The National Institute for Communicable Diseases (NICD) says while the risk of imported novel (new) coronavirus remains low, it is conducting active surveillance to identify any potential imported cases.
The novel coronavirus -- a type of pneumonia -- behind the outbreak in China has not previously been identified in people, even though coronaviruses are nothing new. They are a big group of viruses that cause illnesses such as the common cold and gastrointestinal infections. More recent diseases caused by coronaviruses include severe acute respiratory syndrome (SARS) and Middle East respiratory syndrome (MERS).
“There is no evidence of sustained person-to-person transmission. There are no direct flights from Wuhan to South Africa, however, it is possible that individuals could travel to South Africa from Wuhan via other countries,” said the NICD.
On 31 December 2019, the World Health Organisation’s China office reported a cluster of pneumonia cases in Wuhan City, Hubei Province in China. The cause was confirmed as a novel coronavirus (2019-nCoV).
Symptoms of novel coronavirus are fever and cough, with a few patients presenting with difficulty in breathing and bilateral infiltrates on chest X-rays.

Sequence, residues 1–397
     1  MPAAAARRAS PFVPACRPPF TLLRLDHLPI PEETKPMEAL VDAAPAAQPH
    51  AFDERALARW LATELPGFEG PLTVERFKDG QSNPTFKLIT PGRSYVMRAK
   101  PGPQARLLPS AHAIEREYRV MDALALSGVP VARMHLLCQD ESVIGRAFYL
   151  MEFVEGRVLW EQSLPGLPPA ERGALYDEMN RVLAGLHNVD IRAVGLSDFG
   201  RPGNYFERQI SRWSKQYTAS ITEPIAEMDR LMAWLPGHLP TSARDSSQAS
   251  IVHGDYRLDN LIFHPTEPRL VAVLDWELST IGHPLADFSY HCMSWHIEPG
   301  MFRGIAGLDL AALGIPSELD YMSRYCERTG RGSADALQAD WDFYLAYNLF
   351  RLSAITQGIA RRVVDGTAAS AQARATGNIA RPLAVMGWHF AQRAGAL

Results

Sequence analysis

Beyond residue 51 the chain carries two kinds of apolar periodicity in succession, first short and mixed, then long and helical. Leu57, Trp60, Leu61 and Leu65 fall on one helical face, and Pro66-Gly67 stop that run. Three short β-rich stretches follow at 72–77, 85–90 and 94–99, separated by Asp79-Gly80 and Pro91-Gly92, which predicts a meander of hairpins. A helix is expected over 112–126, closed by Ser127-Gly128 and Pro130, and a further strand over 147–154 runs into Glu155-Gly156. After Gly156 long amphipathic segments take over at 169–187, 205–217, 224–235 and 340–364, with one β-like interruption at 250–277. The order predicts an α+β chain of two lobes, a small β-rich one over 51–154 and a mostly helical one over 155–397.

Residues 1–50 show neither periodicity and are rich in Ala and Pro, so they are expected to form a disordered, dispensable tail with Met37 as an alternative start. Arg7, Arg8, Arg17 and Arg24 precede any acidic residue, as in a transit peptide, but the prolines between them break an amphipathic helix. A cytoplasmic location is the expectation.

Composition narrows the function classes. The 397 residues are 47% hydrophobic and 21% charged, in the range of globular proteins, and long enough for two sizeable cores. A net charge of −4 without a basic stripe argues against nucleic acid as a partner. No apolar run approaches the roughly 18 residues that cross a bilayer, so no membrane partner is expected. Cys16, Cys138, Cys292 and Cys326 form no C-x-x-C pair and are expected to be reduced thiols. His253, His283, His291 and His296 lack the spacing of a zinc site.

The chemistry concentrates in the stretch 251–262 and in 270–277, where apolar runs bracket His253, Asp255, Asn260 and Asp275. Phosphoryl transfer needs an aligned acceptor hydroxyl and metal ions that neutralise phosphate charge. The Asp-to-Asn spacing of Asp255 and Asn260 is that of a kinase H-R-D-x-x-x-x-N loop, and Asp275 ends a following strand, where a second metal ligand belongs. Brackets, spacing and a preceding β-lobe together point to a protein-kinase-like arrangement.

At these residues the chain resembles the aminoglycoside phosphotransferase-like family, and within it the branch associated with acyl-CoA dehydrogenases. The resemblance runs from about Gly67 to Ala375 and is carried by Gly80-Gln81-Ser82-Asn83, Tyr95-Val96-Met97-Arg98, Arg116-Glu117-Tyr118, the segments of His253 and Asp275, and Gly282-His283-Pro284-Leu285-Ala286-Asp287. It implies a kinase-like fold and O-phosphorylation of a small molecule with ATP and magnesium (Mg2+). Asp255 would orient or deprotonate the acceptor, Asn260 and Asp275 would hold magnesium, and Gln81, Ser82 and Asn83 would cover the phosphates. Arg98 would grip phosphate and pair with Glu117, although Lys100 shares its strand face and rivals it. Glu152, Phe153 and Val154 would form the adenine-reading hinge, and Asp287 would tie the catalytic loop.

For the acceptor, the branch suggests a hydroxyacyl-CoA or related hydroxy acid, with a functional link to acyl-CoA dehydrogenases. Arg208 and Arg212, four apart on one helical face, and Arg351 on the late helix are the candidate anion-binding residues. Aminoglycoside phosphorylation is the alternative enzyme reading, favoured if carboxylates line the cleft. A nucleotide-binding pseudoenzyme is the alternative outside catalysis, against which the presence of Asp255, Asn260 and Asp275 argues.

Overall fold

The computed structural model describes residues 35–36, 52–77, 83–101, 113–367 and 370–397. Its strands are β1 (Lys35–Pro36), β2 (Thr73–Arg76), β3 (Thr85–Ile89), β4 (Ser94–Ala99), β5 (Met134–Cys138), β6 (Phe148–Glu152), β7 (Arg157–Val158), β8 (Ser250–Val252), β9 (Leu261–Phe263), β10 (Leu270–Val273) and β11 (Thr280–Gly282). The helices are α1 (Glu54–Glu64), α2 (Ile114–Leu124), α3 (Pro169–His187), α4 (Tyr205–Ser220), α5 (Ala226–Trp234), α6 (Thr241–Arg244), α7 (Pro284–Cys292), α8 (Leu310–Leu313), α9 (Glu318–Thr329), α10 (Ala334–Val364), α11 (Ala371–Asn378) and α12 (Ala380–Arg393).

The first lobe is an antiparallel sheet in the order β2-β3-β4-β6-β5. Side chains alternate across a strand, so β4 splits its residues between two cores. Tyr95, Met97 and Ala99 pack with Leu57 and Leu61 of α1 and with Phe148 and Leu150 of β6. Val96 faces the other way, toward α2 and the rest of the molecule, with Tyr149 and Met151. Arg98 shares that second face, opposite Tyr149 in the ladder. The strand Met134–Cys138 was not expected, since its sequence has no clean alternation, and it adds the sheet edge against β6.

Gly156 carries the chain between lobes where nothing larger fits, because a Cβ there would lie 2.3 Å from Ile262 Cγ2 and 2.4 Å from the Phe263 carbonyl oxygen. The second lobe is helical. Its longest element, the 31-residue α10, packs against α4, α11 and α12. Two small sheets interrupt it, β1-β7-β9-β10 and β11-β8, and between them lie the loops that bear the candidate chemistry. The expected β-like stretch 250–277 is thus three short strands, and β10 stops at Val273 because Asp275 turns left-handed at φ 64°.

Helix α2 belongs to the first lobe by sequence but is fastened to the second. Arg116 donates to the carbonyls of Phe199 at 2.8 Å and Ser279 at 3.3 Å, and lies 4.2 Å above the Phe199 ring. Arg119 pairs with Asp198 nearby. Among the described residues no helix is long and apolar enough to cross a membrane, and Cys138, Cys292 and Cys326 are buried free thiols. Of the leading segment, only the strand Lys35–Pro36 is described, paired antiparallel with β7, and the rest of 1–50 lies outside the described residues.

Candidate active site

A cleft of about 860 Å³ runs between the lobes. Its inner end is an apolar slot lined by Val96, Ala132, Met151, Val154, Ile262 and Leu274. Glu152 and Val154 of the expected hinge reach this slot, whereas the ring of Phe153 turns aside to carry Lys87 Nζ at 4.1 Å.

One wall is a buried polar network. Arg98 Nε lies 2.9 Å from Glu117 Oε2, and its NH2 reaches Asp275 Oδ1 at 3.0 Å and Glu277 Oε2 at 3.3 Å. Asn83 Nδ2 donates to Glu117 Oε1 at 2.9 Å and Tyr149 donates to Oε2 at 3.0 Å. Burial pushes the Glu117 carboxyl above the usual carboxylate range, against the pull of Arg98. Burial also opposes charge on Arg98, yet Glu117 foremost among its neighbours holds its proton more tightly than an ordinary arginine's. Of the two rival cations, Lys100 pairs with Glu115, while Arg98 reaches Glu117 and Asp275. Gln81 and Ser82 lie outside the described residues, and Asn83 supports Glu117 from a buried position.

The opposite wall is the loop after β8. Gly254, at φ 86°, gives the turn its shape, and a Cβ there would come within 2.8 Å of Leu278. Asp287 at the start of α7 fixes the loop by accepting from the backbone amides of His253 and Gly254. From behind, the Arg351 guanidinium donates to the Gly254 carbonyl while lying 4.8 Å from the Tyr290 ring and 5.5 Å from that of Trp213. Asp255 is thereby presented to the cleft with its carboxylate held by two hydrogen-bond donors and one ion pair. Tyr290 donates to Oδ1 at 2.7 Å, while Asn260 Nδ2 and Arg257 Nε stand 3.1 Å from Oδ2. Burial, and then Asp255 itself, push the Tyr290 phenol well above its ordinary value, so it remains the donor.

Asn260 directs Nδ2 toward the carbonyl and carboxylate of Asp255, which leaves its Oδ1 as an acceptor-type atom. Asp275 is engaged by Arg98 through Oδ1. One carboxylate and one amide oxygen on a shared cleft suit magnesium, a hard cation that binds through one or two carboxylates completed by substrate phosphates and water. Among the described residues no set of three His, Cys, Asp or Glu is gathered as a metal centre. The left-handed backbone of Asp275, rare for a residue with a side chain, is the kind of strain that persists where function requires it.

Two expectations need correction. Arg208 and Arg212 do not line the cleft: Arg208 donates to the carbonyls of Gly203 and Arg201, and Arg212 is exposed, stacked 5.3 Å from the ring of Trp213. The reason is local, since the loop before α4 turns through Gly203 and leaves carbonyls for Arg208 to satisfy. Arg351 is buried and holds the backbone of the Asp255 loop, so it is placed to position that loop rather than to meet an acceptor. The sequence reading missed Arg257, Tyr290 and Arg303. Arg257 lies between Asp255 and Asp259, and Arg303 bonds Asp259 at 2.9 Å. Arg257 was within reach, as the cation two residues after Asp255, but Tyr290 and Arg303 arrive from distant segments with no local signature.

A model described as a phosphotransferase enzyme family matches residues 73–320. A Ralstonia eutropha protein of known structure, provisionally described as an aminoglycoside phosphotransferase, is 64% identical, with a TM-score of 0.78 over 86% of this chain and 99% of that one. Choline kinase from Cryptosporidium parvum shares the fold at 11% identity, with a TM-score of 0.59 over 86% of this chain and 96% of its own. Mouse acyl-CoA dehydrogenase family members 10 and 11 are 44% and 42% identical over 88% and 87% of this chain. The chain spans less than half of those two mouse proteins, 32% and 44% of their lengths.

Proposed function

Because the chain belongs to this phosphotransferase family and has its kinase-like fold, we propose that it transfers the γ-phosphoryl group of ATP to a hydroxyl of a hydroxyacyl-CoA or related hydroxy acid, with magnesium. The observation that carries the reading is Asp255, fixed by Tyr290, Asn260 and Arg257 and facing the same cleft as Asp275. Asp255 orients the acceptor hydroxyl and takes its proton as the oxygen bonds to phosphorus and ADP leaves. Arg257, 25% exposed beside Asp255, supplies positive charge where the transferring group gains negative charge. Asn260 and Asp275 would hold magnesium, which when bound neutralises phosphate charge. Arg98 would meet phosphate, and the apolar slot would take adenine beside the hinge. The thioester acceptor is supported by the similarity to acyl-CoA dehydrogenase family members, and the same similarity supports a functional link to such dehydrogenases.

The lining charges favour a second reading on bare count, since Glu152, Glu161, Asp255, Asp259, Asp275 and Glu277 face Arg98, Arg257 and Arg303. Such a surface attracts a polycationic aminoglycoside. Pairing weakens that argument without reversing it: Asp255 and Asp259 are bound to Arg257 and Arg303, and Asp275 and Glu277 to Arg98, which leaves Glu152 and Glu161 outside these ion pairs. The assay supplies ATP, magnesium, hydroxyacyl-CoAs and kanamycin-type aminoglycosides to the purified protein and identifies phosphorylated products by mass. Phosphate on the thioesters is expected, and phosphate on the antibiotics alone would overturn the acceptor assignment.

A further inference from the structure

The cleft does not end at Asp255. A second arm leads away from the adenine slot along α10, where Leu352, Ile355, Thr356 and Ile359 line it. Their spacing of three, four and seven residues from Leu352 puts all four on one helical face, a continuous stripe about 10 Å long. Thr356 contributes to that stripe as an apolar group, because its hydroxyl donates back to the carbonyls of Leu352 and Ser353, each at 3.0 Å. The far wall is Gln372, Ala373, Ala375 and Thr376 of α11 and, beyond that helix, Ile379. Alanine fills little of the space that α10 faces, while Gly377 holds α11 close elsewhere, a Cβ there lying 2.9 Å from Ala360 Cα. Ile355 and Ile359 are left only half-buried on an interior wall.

According to the NICD, treatment is supportive, as no specific therapy has been shown to be effective.
As of 21 January 2020, a total of 270 cases were confirmed, including at least four deaths in Wuhan City.
In addition, 21 cases in other cities have been reported in China and four cases outside China.
The majority of the cases from Wuhan were linked to a seafood, poultry and live wildlife market in Jianghan District, Hubei Province.
“This suggests that the novel coronavirus has a possible zoonotic origin,” said the NICD.
The cases reported from outside Wuhan either had links to Wuhan, or patients had contact with a sick person in Wuhan, or worked or visited a market in Wuhan.
“There is evidence of limited person-to-person transmission among close contacts of infected people and 15 cases have been identified among healthcare workers in China,” said the NICD.
WHO’s Emergency Committee on 2019-nCoV is scheduled to meet on 22 January 2020 to determine the international public health implications of this outbreak.
“The outcome of that meeting will direct the global response strategy,” said the NICD. – SAnews.gov.za